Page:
USA TODAY talks about how Network TV has gone bananas over food programs:
Fox has made a cottage industry out of curmudgeonly Gordon Ramsay (Hell’s Kitchen, Kitchen Nightmaresand next year’s Master Chef). Networks not known as foodie havens have found solid ratings: Bravo’s Top Chef and TLC’s Cake Boss are their networks’ top series, while others ranging from IFC to Planet Green are opening their cupboards to new food shows.
And Scripps Networks, which saw prime-time ratings for its Food Network spike 29% this year to a new record, is turning its underachieving Fine Living Network into a 24-hour Cooking Channel next May.
Scripps chief John Lansing says the sprouting of more food shows on other channels simply “broadened interest in the category,” and much of the growth is coming from younger viewers. It’s a long way from Julia Child— portrayed by Meryl Streep in summer’s Julie & Julia — and her TV successors, Martha Stewart and Rachael Ray.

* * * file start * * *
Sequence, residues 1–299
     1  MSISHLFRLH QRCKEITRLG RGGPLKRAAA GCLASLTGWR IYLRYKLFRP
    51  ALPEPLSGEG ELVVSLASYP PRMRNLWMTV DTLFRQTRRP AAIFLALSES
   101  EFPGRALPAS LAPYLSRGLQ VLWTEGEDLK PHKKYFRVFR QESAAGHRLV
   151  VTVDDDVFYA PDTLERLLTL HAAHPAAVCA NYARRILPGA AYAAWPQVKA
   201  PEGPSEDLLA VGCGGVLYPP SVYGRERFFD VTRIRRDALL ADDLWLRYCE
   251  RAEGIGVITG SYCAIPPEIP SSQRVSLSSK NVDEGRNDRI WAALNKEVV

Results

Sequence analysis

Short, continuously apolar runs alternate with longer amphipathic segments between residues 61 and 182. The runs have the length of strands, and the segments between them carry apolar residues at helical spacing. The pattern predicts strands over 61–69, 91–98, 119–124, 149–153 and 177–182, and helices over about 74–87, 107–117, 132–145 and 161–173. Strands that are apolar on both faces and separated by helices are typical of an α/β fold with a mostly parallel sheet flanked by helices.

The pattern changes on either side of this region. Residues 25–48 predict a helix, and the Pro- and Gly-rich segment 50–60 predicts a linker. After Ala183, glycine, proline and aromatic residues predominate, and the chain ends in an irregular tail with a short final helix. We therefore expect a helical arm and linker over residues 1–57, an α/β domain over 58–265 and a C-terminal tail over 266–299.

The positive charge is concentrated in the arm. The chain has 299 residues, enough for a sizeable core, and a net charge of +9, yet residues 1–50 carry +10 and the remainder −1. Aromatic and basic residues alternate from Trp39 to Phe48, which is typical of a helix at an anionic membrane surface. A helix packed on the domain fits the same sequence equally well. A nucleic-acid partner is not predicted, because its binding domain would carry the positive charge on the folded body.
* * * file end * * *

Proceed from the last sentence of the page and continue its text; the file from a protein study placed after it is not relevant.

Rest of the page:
Food Network’s ratings took off only when the channel sidelined “stand-and-stir” demonstrations from prime time in favor of competitions (Iron Chef America, Next Food Network Star) and celebrity-chef series…. Programmers say a recessionary trend toward home entertaining has driven the genre. “Culturally right now, food is a comfort device,” says TLC chief Eileen O’Neill, who’s peppered her network’s schedule with shows about barbecue pitmasters, dwarf chocolatiers and that New Jersey cake guy, tapping more male viewers.
More here at USA TODAY